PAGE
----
Virginia Organizing supports legislation that authorizes the General Assembly, in addition to the authority of the Governor, to provide by law for the automatic restoration of civil rights for persons convicted of felonies who have completed service of their sentences.
An estimated 378,000 citizens in Virginia are barred from exercising their right to vote due to a felony conviction.
Virginia in one of only two states that permanently disenfranchise every individual with a felony conviction, leaving it to the Governor to decide whose right to vote will be restored. Thirty-seven states restore voting rights to all former felons upon completion of incarceration, parole or probation. Nine restore rights to most former felons, requiring either a waiting period or excluding only those who have committed the most offensive crimes. Two states—Maine and Vermont—never remove voting rights.
The vast majority of disenfranchised persons in Virginia and the U.S. are no longer incarcerated and are tax-paying citizens with jobs and families who are involved in their communities. At least two-thirds have fully completed their sentences, including probation and parole.
The national trend in recent years has been to lower barriers for the disenfranchised. Since 1997, 23 states have modernized their felony disfranchisement laws. Virginia is not one of them.
Virginia’s Disfranchisement Law
In Virginia, individuals with felony convictions are permanently barred from voting, even after fully completing their sentence. Only an act of the Governor can restore an individual’s voting rights. This is mandated by the Constitution of Virginia.
Although there is a procedure that allows former felons to apply for restoration of voting rights, the process is complicated and intimidating—and there is no guarantee the Governor will act.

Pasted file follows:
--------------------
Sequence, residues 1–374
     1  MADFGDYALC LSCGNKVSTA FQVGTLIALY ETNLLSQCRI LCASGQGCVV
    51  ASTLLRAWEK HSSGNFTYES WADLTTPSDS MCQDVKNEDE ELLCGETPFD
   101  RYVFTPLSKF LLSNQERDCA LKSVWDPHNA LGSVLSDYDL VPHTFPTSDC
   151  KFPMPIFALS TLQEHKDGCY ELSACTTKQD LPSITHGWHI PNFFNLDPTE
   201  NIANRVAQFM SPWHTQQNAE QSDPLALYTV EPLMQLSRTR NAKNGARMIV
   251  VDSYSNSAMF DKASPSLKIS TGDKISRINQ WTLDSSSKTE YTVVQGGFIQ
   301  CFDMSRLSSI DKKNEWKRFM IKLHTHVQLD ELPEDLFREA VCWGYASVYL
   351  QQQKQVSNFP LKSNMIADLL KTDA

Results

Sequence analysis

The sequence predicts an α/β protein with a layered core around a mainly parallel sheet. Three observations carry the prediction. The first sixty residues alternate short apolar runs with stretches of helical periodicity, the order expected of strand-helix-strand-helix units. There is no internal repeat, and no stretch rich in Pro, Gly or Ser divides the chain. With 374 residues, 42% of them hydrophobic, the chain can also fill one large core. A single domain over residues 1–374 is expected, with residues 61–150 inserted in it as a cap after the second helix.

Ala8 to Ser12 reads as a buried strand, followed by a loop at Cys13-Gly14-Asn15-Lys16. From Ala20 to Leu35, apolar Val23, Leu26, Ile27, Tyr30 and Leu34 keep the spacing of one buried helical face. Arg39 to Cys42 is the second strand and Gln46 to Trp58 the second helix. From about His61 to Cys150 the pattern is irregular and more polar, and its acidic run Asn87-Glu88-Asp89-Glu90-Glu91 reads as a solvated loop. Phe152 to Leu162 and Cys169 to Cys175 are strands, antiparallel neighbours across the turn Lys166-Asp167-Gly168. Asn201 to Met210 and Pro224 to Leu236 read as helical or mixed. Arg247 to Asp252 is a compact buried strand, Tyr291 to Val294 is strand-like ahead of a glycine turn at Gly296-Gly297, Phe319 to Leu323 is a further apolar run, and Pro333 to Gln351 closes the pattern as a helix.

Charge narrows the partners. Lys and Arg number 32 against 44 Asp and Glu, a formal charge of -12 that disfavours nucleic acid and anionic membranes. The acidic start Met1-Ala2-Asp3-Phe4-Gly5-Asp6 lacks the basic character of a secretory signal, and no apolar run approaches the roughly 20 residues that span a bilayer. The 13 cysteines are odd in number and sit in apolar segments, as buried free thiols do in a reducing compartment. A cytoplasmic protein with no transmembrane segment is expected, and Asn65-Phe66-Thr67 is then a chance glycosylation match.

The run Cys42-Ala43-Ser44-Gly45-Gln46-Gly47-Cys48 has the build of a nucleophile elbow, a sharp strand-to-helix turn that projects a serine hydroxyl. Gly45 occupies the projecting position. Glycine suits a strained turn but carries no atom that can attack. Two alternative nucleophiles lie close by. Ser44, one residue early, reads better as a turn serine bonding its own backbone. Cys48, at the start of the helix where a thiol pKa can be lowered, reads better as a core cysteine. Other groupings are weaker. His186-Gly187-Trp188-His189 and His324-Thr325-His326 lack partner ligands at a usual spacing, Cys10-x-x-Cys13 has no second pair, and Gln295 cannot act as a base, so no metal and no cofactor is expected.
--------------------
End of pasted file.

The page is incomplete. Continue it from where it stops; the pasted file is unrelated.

Who is disfranchised regionally?
Virginia’s disenfranchisement law is not only out of step with the nation, but also with every neighboring jurisdiction except Kentucky, the only other state as restrictive as Virginia. In the District of Columbia, voting rights are restored automatically after incarceration. In North Carolina, West Virginia and Maryland, individuals may vote after completing all phases of their sentences. Racial Impact
The impact of disenfranchisement falls disproportionately upon communities of color. African-Americans make up more than 50% of the state’s disenfranchised population, despite being only 20% of the total population.
In Virginia, one in five African-American adults is disenfranchised. This means more than 200,000 African-Americans cannot vote. Only Florida has a higher number of disenfranchised African-Americans. However, recent reforms to the Florida law will leave Virginia with the highest number of disenfranchised minorities in the nation within a few years.
The effect on African-American men is even more profound: one in four is barred from voting in Virginia.
Voting and Public Safety
Research shows that individuals who vote after completing their sentences are half as likely to commit another crime as those who do not vote.
Voting demonstrates a commitment to our democracy and an interest in state and community affairs. For former felons, it is one of the ways in which they can become engaged and invested in our society, thus aiding their full reintegration into society.
Who Supports Reform?
Five major newspapers in Virginia support reform of Virginia’s felon disenfranchisement law. They are joined by prominent religious leaders and faith-based organizations, as well as community and civic organizations from across the state. A majority of the Virginia Senate has consistently voted to amend the Virginia Constitution to end felon disenfranchisement.